THE BLYTHEVILLE COUKIEK NEWS )THE COURIER NEWS CO., PUBLISHERS C. R. BABCOCK, Editor H. W. RAINES, Advertising Manager Sole N»tlonal Advertising representatives: the Tliomas F. Clark Co. Inc.,' New York, Philadelphia, Atlanta, Dallas,, Son Antonio, San RrancUco, Chicago, St, Louis. Published Every Afternoon Except Sunday. Entered as second class mutter at the post office at Blythcvllle, Arkansas, under act of Congress October 9, 1917. Served by the United Press SUBSCRIPTION HATES By carrier In the city of Blylhevllle, 15c per • week or $6.50 per year In advance. By mail wltliln a radius ot 50 miles, S3.00 per year, $1.50 for six months, 85c for throe months; by mall In postal zones t«o to six, inclusive, $C.50 per year, In zones seven and eight, $10.00 per year, payable in advance. For Mutual Understanding Holders of bonds of Dr;umiKc Dis. .ti'icl 17 are not'unnaturally nhirmed .at (lie turn (akcii Ijy the district's nf- '•fairs. They are entitled to the fullest possible protection for llicir investment, and no reasonable man can blame them for taking whatever steps the law permits -them for the safeguarding of their interests. For the sake of all concerned, however, which includes the bondholders themselves as well as the owners of land in the district, it is to be hoped that they will inform themselves of the situation in Uic district, and plan their program on' the basis of helping- the district and its hind owners to work their way out of their present difficulties, rather than attempt to insist upon immediate fulfillment, of the district's obligation to the letter. District 17 is worth the bonds outstanding against it. But the situation is such now that it cannot pay what it owes. If the bondholders are successful in an attempt to compel such payment they will merely contribute to the destruction of the values which exist in the district, and thus cut themselves off from hope of ever obtaining full payment. If oii (ho other hand they cooperate in the physical and financial rehabilitation of the district there is no reason apparent now why they should not eventually realize, in full upon the bonds which they hold. Impatient creditors have been responsible for the destruction of many ' private businesses that might otherwise have "worked their Vay 1 out of their difficulties and paid in full. The situation with respect, to the district is exactly comparable. The bondholders may be successful in giu'ning court authority that will psrmit them to drive the people) of the district from their . farms and homes, but if (hey do that they will simply destroy the value of their security. It is scarcely believable that they will be so short sighted. . The effort that is being made to set aside the receivership established by the chancery court must certainly lie based on the. failure of the protesting bondholders to inform themselves of the situation. If they knew Churchill Buck, the receiver, and Chancellor Futrell, under whom the receiver will op- OUT OUR WAY cm to, they would know that their rights would receive the fullest protection. If they knew the physical condition of (lie district and the economic situation which prevails in it they would know that a policy of forcbear- ance now wii! pay (hem many times over what they can i.xpuel from the immediate exertion of pressure for the satisfaction of (heir claims:. There should bi> .some way to linns about the appointment of a. committee of the bondholders to make a first hand study O f the situation surroimd- »if the ivcclversiiip, and the conditions in the district. Such a study, it is reasonable to believe, would result in Jin undenstaiultjur ;>.tid a program of cooperation lhat would bo infinitely more beneficial to all concerned Uml the present fi«JU over the receivership. THEWINDMILL riciin:tvii,Y s<>m:it 1 wns stnmlins in Hie tioor last nlj;tit looking nt a uroun of stars and Matching them cut monkey shlijfs. IMjcvc me, iiiey wore (joins 'round and 'round. Sum,- of them wcro drunk and the oilier* w<w tryin- to take (linn home cr some place. Two ef (i,e stars ran together and one Ml to the (jioimi!-cno, I was net drunk. I was just as sober KS I am right now. The stars were dotny antics, My ejr.-s were .ill rlBlil, too). The star lhat knocked the other otic (town started to run imiy. and the others gave chaw nnd overtook !•, ami they nil bumped together nnd fell to (he ground. Just this point I, from sonic reason or other, commenced to hiccup and hurt to go drink nine swallows of Muter to stop, but that never helped matters any. J made, my way back to the door and continued watching (he slurs. 1 never laughed so tbclwoen hiccups) before in my whole life. I can't recall Just what all the funny things were that the stars did, but H certainly wus worth the money. H »as n e rcal comedy. I think Htan Laurel and Olive,- Hardy were in Ilia banch. H was Hie lirst time I ever had to stand in the doonvuy of a theatre to see a mcvlc but there wam't nn empty seat nor any standing loom In (he thrcsilrc lor anybody. •Y- -y- .y. HKUK'S HOl'I.VG IT DOKSN'T I don't jce why Mm'.olhlnj- is always coming up 1o make me feel uneasy about myself. I have just read where it .says' Urn; brain workers Jive lon s . I wonder if dial means the other i kind don't? CUBA M. HIGDON. L(AUK-) COUR1ERNEWS , CT-- -- -M.i 1/m.v mi uieae ^ Ihecorn might pay for i(seif after all. Iceland has five .sheep to each inhabitant. Bleat that If you can. • "Football" should be speltd with capital letters this season. Just for the sake of overemphasis. ^ A writer wonders what would become of financial and business experts If It were not for Gen. Trend ami Maj. Turn, lie should not forcel Gen. ,Mo!ors. Jim Davis, candidate for senator in I'c-nn- sylvnnia. looted a clarinet in ihc old home band the other day. On the assumption, perhaps, (hat next to promises, music is best to toolhe the voter, A "(alkie" with dialog entirely in sign lang- vage has b?en filmed for deaf mutes. At that we'll wager it won't be as dumb ns many "talkies" we've- seen. A i-apital letter can sometimes make an awful lot of dliTcrenco, as witness the linolypcr who referred to the group Investigating Communist activities as lh? fish committee. By Williams -SPOT > \MHO d\T / -fr-E FUWNV THiMCr IS- Ti-V GuH \wno's 8EEM AT i~T LOM& EMOU&H Tb \MCU-re ABooT \T, \AJRlffe ASouT IT - AU' e. ABcor iT. £vT IT LOUGr EMOU&rt I -To \MRiTH ABooT IT- ! SOU HAFrA BE A PUOf j FEEL?.' I AvMT IM TH&R NAluRAx. PLACE AM' NOSOCW SJMrGLA^CES ByGeorge Clark|| S[[5 NEED FOR "if f° r » h€S 1 «?'f l«««s it looks like WASHINGTON LETTER lly RODNEY UUTCHEK lUAcutvr-IVIKT iTi ,— , "" ""•" " revolution in I'cru WASHINGlON.-Thc downfall bill It nmy be pointed out 1'iat (lie of President Augusto Legula, die- new rates on Imports Into the U, ator of Peru and Uncle Sam's best ed Stales struck he rest of tie rcnl chance lhat party will obtain litical adage tthat prosperity ah-, sorbs all criticism and that the less prosperity the more criticism. That goes in any country tinrt the stronger the factions are which oppose the administration the further U goes in eilectlng a ihnngc of government. In Uic Unilud Slates, which has been going through a protracted period of depression, there is a the Democratic — control of OIK- or both houses of Congress in the November elections. In any event there will be more Democrats in both the Senate and the House. It's Tnugli 'on Hoover Instead of giving the Hoover ad- mlnfs'.raiioii a vote of confidence ond n grip on Congress the voters aie virtually ccrinln to make things harder for it by strengthening mi- ti-administration coalitions. If Hoover himsell were running for reelection lliis year he would find some rough going and as if Is he probably Is glad that things arc do:ie differently here from iliu waj they are in Peru. Few presidents have- had to bear up tnidcr such a period of harsh criticism during iheir first year or two in. oflice and a great deal ot it has been due to the depression which gripped the United States, nlong will) Peru nnd many other countries. Anli-sovernment agitation Is reported to be on the increase in two or three other Latin-American countries, encouraged by unsatisfactory economic conditions, although there is us yet no information here which indicates the likely success of any movement such as upset Leguia. I'cru exports cotton, wool, oil and sugar, and the prices of nil these commodities have lately been lowered In Ilic general world depression of values. Exports nnd imports have gone into serijiis declines. It seems too far-fetched to conned the passage of our Grundy :K i«« nf n™, T .; """=>'••" mis comity Between nations is ot ^£ V vl«™ n " SySt< ™ '" my opillion ' thc best Bi'araiUcs VI /ICilVV [115l(*S njl Hit* c/M,,il,... *~ I r ,_, ... . :arlff act with a revolution in Peru led many countries to consider themselves likely to be Just so much worse off. When the slump came, Leguh wns up to his neck in a costly program of development and expansion. He had established himself Protection Against Undeserved Poverty Must Come Says Jane Addams 1JAR HARBOR, Me, Sept 0- Looking back over her Ion.; experience in dealing with social welfare problems, Jane Addams, famous founder of Hull House in Chicago who reached her 70th birthday here today, Is convinced thc greatest need of America today is insurance against unemployment and poverty In old age. In a special birthday Interview with NEA Service, she said: "Our most pressing need—one that will do away with much suffering—Is the enactment of widespread measures for insurance against unemployment, old age mid other such preventable disasters There has been a small beginning in this, but it, must be carried out on a large scale lo be efficacious." I'raiscs Arms I,Imitation Grayer and less physically active than in other years, but, mentally more alert than ever, ihe renowned social worker gave her views on life and world progress from her summer retreat, Hull cove, at Ear Harbor, where she celebrated her birthday quietly, receiving messages of congratulation from all parts of the world. Asked what she considered the most important achievement of the present age, she said: "Wisdom does not necessarily accompany old age unless it achieves an understanding ot Hie changing times. "I believe thc outstanding achievement, the one we of today should be most proud of. has been the establishment of conferences and treaties between the governments of thc world for thc reduction of armaments and (he outlawry of war. it is a certain indication of the time when international friendship will be more than a mere expression. The es- tabu'hmciu of the world court is Lark of Sympathy for Others "This comity between nations is JATUHPAY.JEPTEMBEH 6, 1030 Seventy Years Old Today *~**^> Jane Addams gradually. Our political and socinl institutions must be,further devel VIENNA. (UP)-Noticins that passer-by who appeared to — ^.^Liiviin UVM:I- -y wo appeare to bf nped before these ideals can be pu', neither a very religious mon nor U 111(0 cffcct " ' into effect." Women in Politics Miss Addams war, asked wha'. shr- thinks of (he influence of her own sex in politics. "I must admit some <lteilltt*lon- mem," she said, after a little hesitation. "Women have not been participating as I had hoped, nor • jbe a person likely to have a legi timate use for jewels was carrying under his arm a golden jcwe! casl n J £ paj fo . , , - ' i"" *"-'pcM.ji»B .is i niiu nopeu noi another big step n this dirc-ctlon. have they done the aood they are I JlPtt fit Svititvif lit- f n n n I ti.. .OT ,, , .. • *- e wu k.n_j un_ capable of doing in politics. Bu; I do believe they will take part- in ih the crnizalion of Lima, Ihe development of the nor; of Callao expensive road-building and school programs nnd other ambitious im- lAovements. The 19'jg budget oi nearly $70,000,000 was the largest In the history of Peru and a considerably larger one was passed for country to j for world betterment. Img and mods- ! "What I consider the most deplorable situation in the Unite:! States is the lack of imagination and sympathy for peoples and countries unlike ourselves. The Lcsula had also run his country into considerable debt. The - ternal debt had risen irom 573,000000 in 1928 to $91,000.000 in 1929. The dictator had also encountered a tad sung in his inability to float the remaining $15,000 00~i) of a 5100,000,000 national loan project at a time when the money ivas i-.ecded, partly because of the unfavorable status of the uond market in New York. Some of the public worfcs in Leguia's program had lo be suspended, for lack of money alihoiigh money wns borrowed' wherever it could be picked up. Value of Money 1'cll Attempts to stabilize the currency failed to keep it at- pur and just prior to Hie revolt the Peru- vim sol, n new gold coin created early this year with an otlicinl value of 40 cents, had dropped to below 20 cents. Tile State Department has received no word indicating tbnt ihj new regime in Peru iviil be less friendly to the United States than the Leguia dictatorship. N O administration could be more so. however. Leguia rooted for ihis government at every turn and accompanied his mnnifestalions ot ROOC! will w-lili many large concessions and contracts to large America! 1 corporations. . fault lies in. ignorance and should be remedied by our educators." "Hnve any of your ideals of social ethics changed?" she was asked. "No." she replied. "I do realiz.- lhat my ideas of world peace and (he eradication of social evils that it more largciy in the future, and I have failh that their influenc-: will make for social amelioration. As yet they are not politically conscious. but when they become so Ilic-y will b2 abb to correct, many of the existing disorders." Miss, Ad.tams founded Hull House in 1089 and it has become a world-famous institution. Slip has written a number of books on sociological questions, and has just finished another volume dealing with her expsriences during her decorated religious figures policeman on duty in the Marc- AureK'traij-e of Vienna hailed liin and asked for nn explanation. Then, findinir this cxplanatioi unsatisfactory, he carried the mai to the police station and then received the congratulations of hh chief for having caught Frani Hradil, a notorious thief, win fcl.Yjcialized in "church and cloislci work" and who was wanted for 4 such pieces of worK. AND HE HID The novice had hooked a vcnl small trout and had wound it!..,, until it was rammed against (•-.end oi the red. "What do 1 do now?" he askcr'l Ills companion. ' ' L "Climb up the rod and stag it."I Leprosy Wot Transmitted as Easily as People Suppose Hy 1)K. MOUUIS Mdilor, .Tnurn.il of the American Mulir.il Assdciiilion, ami of Hy_ Ki'la, the Health .Slacarinc Strange rumors, fed by ignorance, clrciilntc among the people My 10-yenr-otd daughter announced nt dinner last evening Hint it was dangerous to bathe in the lake berause two leopards had been found full of spnts a.i.s removed trnrn the water. It seemed that an epidemic of leopards was about to tnke place in Chicago. The story of leprosy gars back many centuries. So gre;H is the fear of the disea.'C among the in'.orant. , ru-.d so abyssmal their i.ick of j laioulc.-lce of its nature tt'.nl any- ,'onc with a few rough spots O n his kin may be accused of bi'ing a Ojicr in limes of panic. There Is. of course, nn;. the V.iG'ntcsl reason for believing lhal j she ICIXTS bathed in the water of I Lake Michigan, and there is still |lc.=s rc.ifan to believe that even if j tiie two Irpers did snr.ik a dip that I it would set up an epidemic among | the populace. i Leprosy is a couiagious disease rnnscrt by a specific germ. Few parts lot the \\orid are free from Hie dls- cjw. but it is far more common In • tropical than in other <-o;inlries jjhe gerin once in Ihe body may .divclop in a-few months or pcr- irups not for many years | Lrprosy 15 spread'by contimtaa- |t.on from the excretions o: lepers. Curbing, sneezing and spittiin; may be responsible. Lepers with open lesions are strictly sesrcgatr-d In the great leprosarium m Carvillc Louisiann. the United States has consianUy from 250 to 300 lepers. Some people think that leprosy is transferred by Insects such as the bedbug, mosquito or llv, but the scientific proof h.i.s not' w,;,. umde available. It used "to"be thought that, it was dangerous to be even in the vicinity of n leper Now it is known that (he disease Is contagious, but that it is no', readily contagious, and that it cnii be transmitted from one ixrson to another only aflcv 'cng-conlinuod and Intimate contact. While enough is now known about leprosy to make sure that the disease does not become n nalionnl menace, or assume epidemic proportions, ll-.erc i* still murii to be learned. Self-sacrificing investigators work In the great Icprosarninn throughout the world trying to nnd out more aboul ihc method of transmission of this disease the way It gels into the body.' why some people gcL.a. nuii otliers rib not. and indeM. everything abou 1 the nature of the unusual malady'. There ar^ mor^ than SOOOOO inured workers in southeast Eng|land: 01 these only 7 per cent of j i the men and 5 per cent of the wo- ,men \\ere unemployed in Mav. Many roads... which one shall I take? When the long road dips sweetly down a hill and ends up in a blank and puzzled amazement at a jumble of cross-roads, unless you know your way, you'll push down hard on the brakes! And then look around to see where you're going Five roads jutting off in various directions of the compass. One road is yours. Four to lead you astray. But a brief glance—and you're off. On the right road. For a sign was over each road to direct your way! Just as the directions point out the way in a maze of roads; so docs modern advertising guide you in the right direction through the multitude of products of- iered in present-day markets. Advertising points the way, straight and clear, to economical and advantageous marketing. It distinguishes the good product. It directs your way by indicating the article best adapted to your needs. Read the advertisements in this paper as carefully as you won Id the signs above the cross-roads. They point out your buying road as surely and as safely!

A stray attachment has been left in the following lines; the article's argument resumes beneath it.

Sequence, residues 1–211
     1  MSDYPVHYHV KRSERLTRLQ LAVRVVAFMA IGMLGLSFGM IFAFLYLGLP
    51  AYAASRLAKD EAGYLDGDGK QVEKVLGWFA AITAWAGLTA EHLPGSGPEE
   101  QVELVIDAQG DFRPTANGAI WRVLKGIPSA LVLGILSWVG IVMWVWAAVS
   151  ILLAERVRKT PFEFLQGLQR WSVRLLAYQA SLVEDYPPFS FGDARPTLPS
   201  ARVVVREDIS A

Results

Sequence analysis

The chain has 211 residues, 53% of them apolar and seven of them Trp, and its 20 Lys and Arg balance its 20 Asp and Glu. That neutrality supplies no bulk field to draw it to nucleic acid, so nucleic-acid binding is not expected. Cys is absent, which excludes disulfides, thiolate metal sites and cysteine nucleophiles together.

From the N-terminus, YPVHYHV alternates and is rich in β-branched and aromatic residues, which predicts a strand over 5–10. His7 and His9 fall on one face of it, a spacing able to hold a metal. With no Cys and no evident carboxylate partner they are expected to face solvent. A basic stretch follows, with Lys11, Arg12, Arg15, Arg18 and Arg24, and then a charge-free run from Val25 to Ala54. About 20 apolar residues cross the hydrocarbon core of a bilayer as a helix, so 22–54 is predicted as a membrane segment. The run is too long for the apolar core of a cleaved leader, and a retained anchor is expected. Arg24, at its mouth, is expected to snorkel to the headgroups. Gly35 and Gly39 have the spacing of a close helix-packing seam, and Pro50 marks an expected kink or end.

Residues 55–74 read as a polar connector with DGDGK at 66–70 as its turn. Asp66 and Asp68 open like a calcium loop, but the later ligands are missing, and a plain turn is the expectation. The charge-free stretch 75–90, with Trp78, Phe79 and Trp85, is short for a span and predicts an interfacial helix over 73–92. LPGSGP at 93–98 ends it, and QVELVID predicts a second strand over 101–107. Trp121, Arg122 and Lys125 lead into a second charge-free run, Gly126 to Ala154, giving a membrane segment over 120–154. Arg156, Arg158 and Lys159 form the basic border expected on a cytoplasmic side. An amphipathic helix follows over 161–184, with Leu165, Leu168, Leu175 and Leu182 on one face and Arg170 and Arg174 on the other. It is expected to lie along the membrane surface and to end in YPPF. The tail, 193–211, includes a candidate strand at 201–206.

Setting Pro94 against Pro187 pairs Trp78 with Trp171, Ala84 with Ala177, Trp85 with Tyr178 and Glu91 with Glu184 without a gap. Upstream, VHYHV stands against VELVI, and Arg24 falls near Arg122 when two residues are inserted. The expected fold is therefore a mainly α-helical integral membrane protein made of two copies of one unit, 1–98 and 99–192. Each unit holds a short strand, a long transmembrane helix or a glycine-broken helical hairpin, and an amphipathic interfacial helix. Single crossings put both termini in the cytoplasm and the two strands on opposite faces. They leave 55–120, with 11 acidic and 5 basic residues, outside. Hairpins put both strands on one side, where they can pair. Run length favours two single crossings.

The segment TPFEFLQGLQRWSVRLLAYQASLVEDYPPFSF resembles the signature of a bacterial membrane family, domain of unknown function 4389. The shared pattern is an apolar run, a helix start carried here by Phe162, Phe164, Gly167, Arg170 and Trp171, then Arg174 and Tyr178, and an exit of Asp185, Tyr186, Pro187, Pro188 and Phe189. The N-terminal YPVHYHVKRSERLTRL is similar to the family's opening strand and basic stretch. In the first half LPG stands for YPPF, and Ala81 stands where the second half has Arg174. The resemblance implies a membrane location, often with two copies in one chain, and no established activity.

What members have found on this page
Get access to Newspapers.com
- The largest online newspaper archive
- 11,200+ newspapers from the 1700s–2000s
- Millions of additional pages added every month